Sadly, when faced with an immigrant making a formal complaint about a perceived insult (even when the insult can't possibly be open to perception and/or interpretation), the default response of many people in this country is, "You must not have understood...", or "That was not my intention...".

This is doubly frustrating for a non-native Hebrew speaker because even in cases where the insult is so glaring as to be beyond misinterpretation, the immigrant is often expected to feign difficulty with the language in order to allow the insulter to climb down from their tree and save face.

In the old country, this would be called 'Not making a federal case out of it'. In other words, 'Yes, you're right, but is being right important enough to justify burning this particular bridges?'.

In a country the size of Delaware, many Israelis prefer this more pragmatic approach, and are unwilling to burn bridges so quickly because, hey, you never know when you will have to deal with this person again on a business or personal level.

During the hearing with the person who had insulted me, he indeed tried to go the 'you didn't understand...' route. And when that didn't work, he dutifully played the 'that wasn't my intention...' card.

But when I refused to accept either of these gambits, he finally began dusting off something resembling an apology. His first attempt went like this:

"אני תצטער שנפגעת" (I'm sorry that your feelings were hurt)

But to the ears of an immigrant who'd been forced to conjugate countless verb forms, the passive nature of the verb 'נפגעת' (you were hurt) rang false to my ears. What he was literally saying was that my hurt feelings were somehow the issue, and not the fact that he had hurt them.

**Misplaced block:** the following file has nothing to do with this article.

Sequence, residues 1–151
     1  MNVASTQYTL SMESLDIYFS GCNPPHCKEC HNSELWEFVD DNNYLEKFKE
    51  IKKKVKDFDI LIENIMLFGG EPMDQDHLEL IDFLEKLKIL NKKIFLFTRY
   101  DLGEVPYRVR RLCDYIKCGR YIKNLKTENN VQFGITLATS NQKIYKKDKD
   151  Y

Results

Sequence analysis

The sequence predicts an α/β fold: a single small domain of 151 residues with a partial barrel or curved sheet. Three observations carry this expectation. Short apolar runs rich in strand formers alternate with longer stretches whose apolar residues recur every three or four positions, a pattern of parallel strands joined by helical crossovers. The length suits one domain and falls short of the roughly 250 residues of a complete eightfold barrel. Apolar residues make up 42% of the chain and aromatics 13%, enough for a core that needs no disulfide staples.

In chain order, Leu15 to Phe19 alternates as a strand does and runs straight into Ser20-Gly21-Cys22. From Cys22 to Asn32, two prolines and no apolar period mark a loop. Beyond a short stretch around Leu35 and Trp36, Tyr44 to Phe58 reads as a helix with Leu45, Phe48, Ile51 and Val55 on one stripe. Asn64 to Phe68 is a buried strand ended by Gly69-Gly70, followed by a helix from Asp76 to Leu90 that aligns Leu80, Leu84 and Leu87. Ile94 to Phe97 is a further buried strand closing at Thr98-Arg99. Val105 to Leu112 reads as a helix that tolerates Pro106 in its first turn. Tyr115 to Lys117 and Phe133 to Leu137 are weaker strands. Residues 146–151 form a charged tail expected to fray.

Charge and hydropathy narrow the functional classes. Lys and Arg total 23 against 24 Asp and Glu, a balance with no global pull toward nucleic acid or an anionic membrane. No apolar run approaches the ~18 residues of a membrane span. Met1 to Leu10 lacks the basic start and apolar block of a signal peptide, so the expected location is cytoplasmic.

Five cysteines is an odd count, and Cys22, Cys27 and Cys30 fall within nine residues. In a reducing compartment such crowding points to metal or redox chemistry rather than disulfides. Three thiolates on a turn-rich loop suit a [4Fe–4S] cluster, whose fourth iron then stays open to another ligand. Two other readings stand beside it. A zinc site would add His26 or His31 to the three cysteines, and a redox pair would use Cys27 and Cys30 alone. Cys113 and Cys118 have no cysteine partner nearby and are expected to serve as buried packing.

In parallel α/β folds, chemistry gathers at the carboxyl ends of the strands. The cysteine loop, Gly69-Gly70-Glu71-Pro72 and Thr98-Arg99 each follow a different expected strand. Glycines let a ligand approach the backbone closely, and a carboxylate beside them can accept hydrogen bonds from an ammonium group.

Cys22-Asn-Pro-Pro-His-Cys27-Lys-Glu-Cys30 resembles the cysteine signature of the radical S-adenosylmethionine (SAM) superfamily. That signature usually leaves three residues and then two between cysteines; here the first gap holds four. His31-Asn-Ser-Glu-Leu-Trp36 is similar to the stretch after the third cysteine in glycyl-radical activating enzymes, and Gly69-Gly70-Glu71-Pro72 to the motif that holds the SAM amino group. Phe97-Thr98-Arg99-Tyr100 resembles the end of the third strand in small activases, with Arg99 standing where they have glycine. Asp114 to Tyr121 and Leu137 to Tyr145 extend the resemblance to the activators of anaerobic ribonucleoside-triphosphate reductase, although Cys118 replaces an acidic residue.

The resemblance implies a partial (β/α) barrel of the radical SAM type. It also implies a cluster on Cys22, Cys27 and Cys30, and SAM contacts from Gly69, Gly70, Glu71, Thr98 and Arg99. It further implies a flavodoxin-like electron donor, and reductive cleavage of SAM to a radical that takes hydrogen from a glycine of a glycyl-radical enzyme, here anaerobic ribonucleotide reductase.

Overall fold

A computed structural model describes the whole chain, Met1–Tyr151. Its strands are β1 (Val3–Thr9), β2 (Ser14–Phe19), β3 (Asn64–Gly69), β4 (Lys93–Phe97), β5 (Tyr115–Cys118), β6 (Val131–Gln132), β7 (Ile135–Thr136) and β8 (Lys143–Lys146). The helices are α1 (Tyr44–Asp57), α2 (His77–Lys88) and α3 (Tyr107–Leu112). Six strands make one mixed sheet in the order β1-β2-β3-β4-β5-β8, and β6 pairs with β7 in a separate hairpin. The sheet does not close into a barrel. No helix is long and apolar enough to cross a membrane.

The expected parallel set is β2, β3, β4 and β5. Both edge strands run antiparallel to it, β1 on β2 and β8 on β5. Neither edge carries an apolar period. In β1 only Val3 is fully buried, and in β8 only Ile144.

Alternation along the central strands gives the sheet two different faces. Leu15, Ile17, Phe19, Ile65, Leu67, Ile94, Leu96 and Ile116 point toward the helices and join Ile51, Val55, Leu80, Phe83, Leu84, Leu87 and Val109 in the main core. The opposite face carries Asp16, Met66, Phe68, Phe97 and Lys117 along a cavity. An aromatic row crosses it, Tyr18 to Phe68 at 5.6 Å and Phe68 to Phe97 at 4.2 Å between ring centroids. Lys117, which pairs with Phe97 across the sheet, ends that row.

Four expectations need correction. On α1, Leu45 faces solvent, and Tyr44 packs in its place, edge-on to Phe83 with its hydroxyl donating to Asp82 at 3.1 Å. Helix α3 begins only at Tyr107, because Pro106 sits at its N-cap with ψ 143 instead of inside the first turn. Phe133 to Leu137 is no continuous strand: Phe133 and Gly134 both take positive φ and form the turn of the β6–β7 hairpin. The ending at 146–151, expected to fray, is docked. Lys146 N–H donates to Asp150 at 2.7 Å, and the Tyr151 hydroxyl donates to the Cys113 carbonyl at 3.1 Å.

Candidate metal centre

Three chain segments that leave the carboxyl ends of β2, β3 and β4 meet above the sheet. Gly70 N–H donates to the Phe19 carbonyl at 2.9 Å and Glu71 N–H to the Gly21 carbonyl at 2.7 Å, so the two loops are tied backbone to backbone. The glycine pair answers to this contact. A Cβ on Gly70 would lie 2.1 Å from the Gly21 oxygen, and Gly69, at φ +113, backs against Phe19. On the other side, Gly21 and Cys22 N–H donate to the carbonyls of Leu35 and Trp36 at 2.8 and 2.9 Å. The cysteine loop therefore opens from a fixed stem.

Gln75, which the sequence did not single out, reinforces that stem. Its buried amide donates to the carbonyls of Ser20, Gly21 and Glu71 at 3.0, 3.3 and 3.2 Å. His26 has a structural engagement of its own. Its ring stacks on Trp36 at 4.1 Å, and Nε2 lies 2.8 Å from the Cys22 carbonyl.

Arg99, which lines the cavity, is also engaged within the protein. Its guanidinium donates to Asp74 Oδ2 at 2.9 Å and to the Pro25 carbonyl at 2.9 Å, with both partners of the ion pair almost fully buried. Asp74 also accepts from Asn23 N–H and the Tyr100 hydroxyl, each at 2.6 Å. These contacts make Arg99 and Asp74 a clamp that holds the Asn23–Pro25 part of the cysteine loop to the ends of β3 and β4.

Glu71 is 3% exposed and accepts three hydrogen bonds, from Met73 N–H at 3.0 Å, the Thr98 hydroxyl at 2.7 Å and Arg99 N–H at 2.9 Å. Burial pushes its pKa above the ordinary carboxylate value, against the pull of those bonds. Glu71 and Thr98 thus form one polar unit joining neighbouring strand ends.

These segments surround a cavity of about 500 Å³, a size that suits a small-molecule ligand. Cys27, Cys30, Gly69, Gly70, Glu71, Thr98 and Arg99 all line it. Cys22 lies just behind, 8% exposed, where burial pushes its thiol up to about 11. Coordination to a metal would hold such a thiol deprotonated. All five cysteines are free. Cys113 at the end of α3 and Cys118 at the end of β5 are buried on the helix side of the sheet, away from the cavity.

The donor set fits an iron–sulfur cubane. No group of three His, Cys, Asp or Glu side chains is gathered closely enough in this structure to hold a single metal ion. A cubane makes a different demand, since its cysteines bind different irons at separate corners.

When I pointed this out to him, he seemed genuinely puzzled. Either he wasn't used to having the sincerity of his apologies questioned... or he didn't apologize frequently enough to have become very good at it.

Whatever the case, I demanded that he make another attempt.

After much hemming and hawing (actually, the Hebrew equivalent; emmming and aaahing), he finally managed the active form of the verb, along with an appropriate accompanying verb to describe what he was actually doing:

"אני מתנצל שפגעתי בך" (I apologize for hurting your feelings)
Now, this may seem a small, maybe even petty, thing about which to quibble. But like the proverbial frog* I mentioned at the start of this essay, the insults which immigrants are forced to endure as part of their absorption process are so varied and frequent, that it often becomes difficult to recognize when any single offense is really too much to let pass.

In short, we risk being burned because we're never quite sure when to jump.

Yes, I probably burned a bridge there... and yes, maybe one day I will regret not letting the insult - or the luke-warm apology - pass. In fact, I'm still not sure if this person's insult rose to the level that should objectively have justified the level of anger it elicited in me.

But for some reason I felt that if didn't respond this time, that I would lose all sense of proportion, and would condemn myself to remaining indefinitely in the pot with my damaged pride... until the water finally boiled.